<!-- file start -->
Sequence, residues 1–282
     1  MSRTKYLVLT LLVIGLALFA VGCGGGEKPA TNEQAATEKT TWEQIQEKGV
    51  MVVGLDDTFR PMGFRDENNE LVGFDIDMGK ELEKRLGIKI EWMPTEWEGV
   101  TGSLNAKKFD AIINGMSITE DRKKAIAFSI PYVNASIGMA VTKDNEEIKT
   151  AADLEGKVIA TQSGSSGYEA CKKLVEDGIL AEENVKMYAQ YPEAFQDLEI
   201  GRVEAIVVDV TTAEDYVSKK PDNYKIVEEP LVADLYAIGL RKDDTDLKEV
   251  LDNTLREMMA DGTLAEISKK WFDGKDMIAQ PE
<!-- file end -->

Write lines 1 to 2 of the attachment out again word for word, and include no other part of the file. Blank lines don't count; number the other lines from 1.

Sequence, residues 1–282
     1  MSRTKYLVLT LLVIGLALFA VGCGGGEKPA TNEQAATEKT TWEQIQEKGV